Assessment and the use of Mobile Devices Valencia 31st March, 1st & 2nd April 2017 - SANTIAGO ORDEJÓN ZUCKERMAIER

Thank God it's....



Workshop website with links to resources and sessions overview (Google Sites)
Session times
Twitter Ok , voice calls K.O.
Emergency exits
coffee breaks

Structure of this Workshop

  1. Theoretical framework
  2. Observation
  3. Inquiry
  4. Performance
  5. Performance analysis
  6. Gamification and assessment
  7. Assessment strategies

Aims and objectives of this weekend.

What do you expect and what would you like to take home from this weekend?

Warming-up activity (10 minutes aprox.)

write approximately three aims or objectives on a post-it, followed by two ways how you will know when you have achieved them.

Friday evening

Session One

Introduction activity: What's in a name?

Activity 1: People Bingo (10 minutes aprox.)

Acrivity 2: Poll Everywhere (5 minutes aprox.)

Now, let's make some groups:

  • go into groups of 3 or 4
  • please, try to go into groups of colleagues of your same subject and/or level
  • you will work in these groups today in all the group activities

Activity 3: Kahoot!, individual activity (10 minutes aprox.)

A good fisherman does not use the bait HE likes, but the one the fish likes.

Types of assessment

Diagnostic: Why? When? And then?

Formative: Why? When? And then?

Summative: Why?

Previous planning: Strategy (backwards planning)

  • diagnostic
  • formative
  • summative

Who evaluates?

  • internal assessment: Self-evaluation, peer-evaluation, teacher assessment?
  • external assessment
  • mixed assessment

Assessment Techniques: informal or formal?

formative assessment dynamics

Revision activity: Nearpod in groups

Observation Techniques (Group activity)

Number 1
Number 2
Number 3
Number 4

Learning Logs / Diaries

Learner or Learning diaries are sistematic and regular records of what has happened in the classroom and they include reflection by the authors.
  • Students record their personal experience and feelings about the activities done in class, the unit or project they are working on at the moment.
  • objective: they reflect on their learning process, difficulties and their steps in order to overcome them
  • teachers have to check the students' progress regularly
  • Assessment: checklists , rubrics, performance scales
Different options to create diaries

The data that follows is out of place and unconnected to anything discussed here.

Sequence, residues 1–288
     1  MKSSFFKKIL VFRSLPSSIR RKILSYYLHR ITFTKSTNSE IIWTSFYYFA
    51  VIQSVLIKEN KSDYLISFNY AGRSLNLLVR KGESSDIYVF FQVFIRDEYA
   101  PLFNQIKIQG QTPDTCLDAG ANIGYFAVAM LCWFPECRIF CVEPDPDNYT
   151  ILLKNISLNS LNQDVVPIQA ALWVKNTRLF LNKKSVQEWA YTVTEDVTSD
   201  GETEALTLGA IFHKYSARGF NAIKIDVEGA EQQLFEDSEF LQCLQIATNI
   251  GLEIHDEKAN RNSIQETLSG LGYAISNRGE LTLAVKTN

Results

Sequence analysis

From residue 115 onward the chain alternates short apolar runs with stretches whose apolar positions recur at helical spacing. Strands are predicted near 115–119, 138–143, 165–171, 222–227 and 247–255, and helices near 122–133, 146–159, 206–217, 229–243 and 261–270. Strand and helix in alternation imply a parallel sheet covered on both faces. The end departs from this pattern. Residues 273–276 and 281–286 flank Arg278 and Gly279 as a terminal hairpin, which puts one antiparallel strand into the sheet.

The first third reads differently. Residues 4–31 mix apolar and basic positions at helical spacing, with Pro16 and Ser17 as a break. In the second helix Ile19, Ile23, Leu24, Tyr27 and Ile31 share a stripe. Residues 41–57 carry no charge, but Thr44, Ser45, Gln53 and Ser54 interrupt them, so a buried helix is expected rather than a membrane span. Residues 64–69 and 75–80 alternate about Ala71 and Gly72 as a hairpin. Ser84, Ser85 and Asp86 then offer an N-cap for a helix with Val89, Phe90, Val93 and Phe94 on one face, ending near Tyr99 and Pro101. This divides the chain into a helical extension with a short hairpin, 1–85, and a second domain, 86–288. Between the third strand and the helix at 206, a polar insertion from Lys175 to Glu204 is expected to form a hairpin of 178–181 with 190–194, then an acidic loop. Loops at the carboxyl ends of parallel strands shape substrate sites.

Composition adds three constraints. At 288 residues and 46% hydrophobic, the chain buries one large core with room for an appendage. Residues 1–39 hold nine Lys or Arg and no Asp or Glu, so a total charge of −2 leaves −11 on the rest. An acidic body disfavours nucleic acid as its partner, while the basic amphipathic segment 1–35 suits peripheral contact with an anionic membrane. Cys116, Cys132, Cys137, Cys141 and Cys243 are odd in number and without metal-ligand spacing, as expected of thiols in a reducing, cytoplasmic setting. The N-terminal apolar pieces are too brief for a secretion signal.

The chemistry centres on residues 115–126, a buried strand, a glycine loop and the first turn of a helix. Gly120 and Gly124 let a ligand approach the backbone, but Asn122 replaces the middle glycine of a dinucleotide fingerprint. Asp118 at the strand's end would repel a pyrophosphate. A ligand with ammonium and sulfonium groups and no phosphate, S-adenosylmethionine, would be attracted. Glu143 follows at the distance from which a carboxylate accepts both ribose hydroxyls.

Attitude scales
  • used when it is difficult to measure an item with only one attribute
  • sometimes it is impossible to capture the complete picture with one overall question
Different options to create attitude scales

Anecdotal register
Different options to create anecdotal registers

Learning Diary
  • A Learning Diary is a log or record or journal of your own work based learning in a learning process.
  • It helps you to record, structure, think about, reflect upon, plan, develop and evidence your own learning process
  • it is a journal which evidences your own learning and skills development
  • it is a record of what you have learnt, tried and critically reflected upon
  • Source:
Did it go well? Why? What did you learn? Did it go badly? Why? What did you learn? How can you improve for next timeDid it go well? Why? What did you learn? Did it go badly? Why? What did you learn? How can you improve for next time?
Different options to create learning diaries

Final activity for today:

Create a learning diary of today's session.
  • Use one of these two tools to create your diary
  • You will have to share your diary in our Moxtra group at the end of the activity.
Share it in our group, please.


Session 2

Inquiry techniques

Tool1 : Google Forms

Step by step walk-through to create a self-assessment form with GoogleForms
Step 1
Step 2
Step 3
Step 4
Step 5
Step 6

Useful add-ons to Google Forms: Advanced Summary by Awesome Table

  • Create a Google Forms document with 5 questions on observation techniques and inquiry techniques.
  • Share it in our Moxtra group.
  • Answer to one form shared by a colleague.

Tool 2: Plickers

Plickers is a classroom response app that teachers can use easily without havin devices for each student

Tool 3: Socrative

Another interesting approach to check your students understanding can be

Open the Socrative Student app or go to the Socrative Homepage.

Enter the room: LNCSANTIAGO and let's play!

Other tool to create quick and effective formative assessment.

Session 3: Performance techniques

Assessment methods: rubrics,checklists and evaluation dartboards